Stocks experience inflation jitters

  • Market stumbles, recovers after hot CPI and PPI data
  • Bonds fall as yields jump, 10-year rate near two-month high
  • This week: Fed minutes, leading indicators, home sales

The US stock market set more records last week, but it also posted just its third weekly loss of the past three months, as hotter-than-expected inflation data appeared to give bulls pause about the timing of Fed rate cuts.

The S&P 500 (SPX) kicked off last week by setting a record intraday high, then suffered its second-biggest down day of the year after Tuesday’s consumer price index (CPI) showed inflation crept higher in January. But the SPX bounced back to close at a record high on Thursday, before dipping again on Friday after a similarly warm producer price index (PPI) reading:

Chart 1: S&P 500 (SPX), 1/3/24–2/16/24. S&P 500 (SPX) price chart. Inflation volatility, new highs.

Source: Power E*TRADE. (For illustrative purposes. Not a recommendation. Note: It is not possible to invest in an index.)

The headline: Hot inflation cools market—a little.

The fine print: Despite the CPI and PPI surprises, last week hardly painted the picture of a uniformly overheating economy. Two of Thursday’s highest-profile numbers, retail sales and industrial production, came in much weaker than expected.

The move: Last Tuesday the 10-year T-note yield jumped 151 basis points—its second-biggest one-day increase of the past seven months—and closed above 4.3% for the first time since November 30.

The scorecard: Last Tuesday was the worst day for the Russell 2000 (RUT) since June 2022, but the small cap index was the strongest performer last week, and it pushed back into positive territory for the year:

US stock index performance for week ending 2/16/24. S&P 500 (SPX), Nasdaq 100 (NDX), Russell 2000 (RUT), Dow Jones Industrial Average (DJIA).

Source (data): Power E*TRADE. (For illustrative purposes. Not a recommendation.)

Sector returns: The strongest S&P 500 sectors last week were materials (+2.4%), energy (+2.2%), and financials (+1.4%). The weakest sectors were information technology (-2.5%), communication services (-1.6%), and consumer discretionary (-0.8%).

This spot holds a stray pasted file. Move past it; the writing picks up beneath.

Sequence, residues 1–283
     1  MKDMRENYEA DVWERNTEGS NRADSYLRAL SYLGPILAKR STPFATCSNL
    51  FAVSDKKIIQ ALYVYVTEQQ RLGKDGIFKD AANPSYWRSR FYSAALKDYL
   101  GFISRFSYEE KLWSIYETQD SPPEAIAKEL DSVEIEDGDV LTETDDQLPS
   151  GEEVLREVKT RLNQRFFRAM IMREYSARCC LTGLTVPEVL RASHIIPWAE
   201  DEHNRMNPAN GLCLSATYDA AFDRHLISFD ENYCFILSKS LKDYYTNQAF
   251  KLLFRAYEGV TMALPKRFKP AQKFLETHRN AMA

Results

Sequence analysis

Stock movers: Gyre Therapeutics (GYRE) +40% to $14.77 on Wednesday, The Children’s Place (PLCE) +81% to $26.29 on Thursday. On the downside, The Children's Place (PLCE) -31% to $11.29 on Tuesday, QuidelOrtho (QDEL) -32% to $45.27 on Wednesday.

Futures: April WTI crude oil (CLJ4) closed last Friday at $78.27 after spending most of the week consolidating near a three-month resistance level around $78-$79. April gold (GCJ4) tagged a three-month low of $1,996.40 last Wednesday before bouncing to end the week at $2,025.20. Week’s biggest rallies: February micro ether (METG4) +11.7%, March palladium (PAH4) +9.1%. Week’s biggest declines: April natural gas (NGJ4) -10.8%, March ethanol (ZKH4) -7.7%.

Coming this week

This week’s numbers include:

Tuesday: Leading Economic Indicators Index
Wednesday: FOMC minutes
Thursday: Chicago Fed National Activity Index, S&P Global Manufacturing and Services PMIs (flash), Existing Home Sales

This week’s earnings include:

Tuesday: Axsome Therapeutics (AXSM), Home Depot (HD), KBR (KBR), LGI Homes (LGIH), Medtronic (MDT), Walmart (WMT), Keysight (KEYS), Palo Alto Networks (PANW), SolarEdge (SEDG), Toll Brothers (TOL)
Wednesday: Analog Devices (ADI), Verisk Analytics (VRSK), DigitalOcean (DOCN), Etsy (ETSY), Five9 (FIVN), Nvidia (NVDA), Sunrun (RUN)
Thursday: Fiverr (FVRR), Keurig Dr. Pepper (KDP), Newmont (NEM), Carvana (CVNA), Intuit (INTU), Block (SQ), Vir Biotechnology (VIR)
Friday: Bloomin' Brands (BLMN), RB Global (RBA)

Check the Active Trader Commentary each morning for an updated list of earnings announcements, IPOs, economic reports, and other market events.

Forgotten midcaps

While last week’s inflation readings may have raised concerns the Fed will delay cutting interest rates, it’s too early to know whether those numbers were simply a blip in the overall disinflation trend, or something more significant.

For now, though, few analysts appear to doubt cuts are coming in the second half of the year—perhaps not as quickly as many people would like, but visible on the horizon, nonetheless. And that, as Morgan Stanley & Co. analysts explain, could lead to renewed strength in an area of the market that often gets lost in the shuffle—midcap stocks.

There’s already been some evidence of a shift. Since late-October lows, for example, the S&P 400 Midcap (MID) and the small-cap Russell 2000 (RUT) have mostly outgained the SPX:

3. Small, medium, and large: S&P 500 (SPX), S&P 400 (MID), and Russell 2000 (RUT), 10/27/23–2/16/24. Midcap outperformance.

Source (data): Power E*TRADE. (For illustrative purposes. Not a recommendation. Note: It is not possible to invest in an index.)

What could extend midcap relative strength? As the strategists note in “Quant Matters—Capturing Mid Cap Opportunities With Caution,” while midcap stocks are more vulnerable than large caps to high interest rates, they also have the potential to outperform as inflation stabilizes and in the early phase of a rate-cutting cycle.1


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1 Quant Matters—Capturing Mid Cap Opportunities With Caution. 2/12/24.

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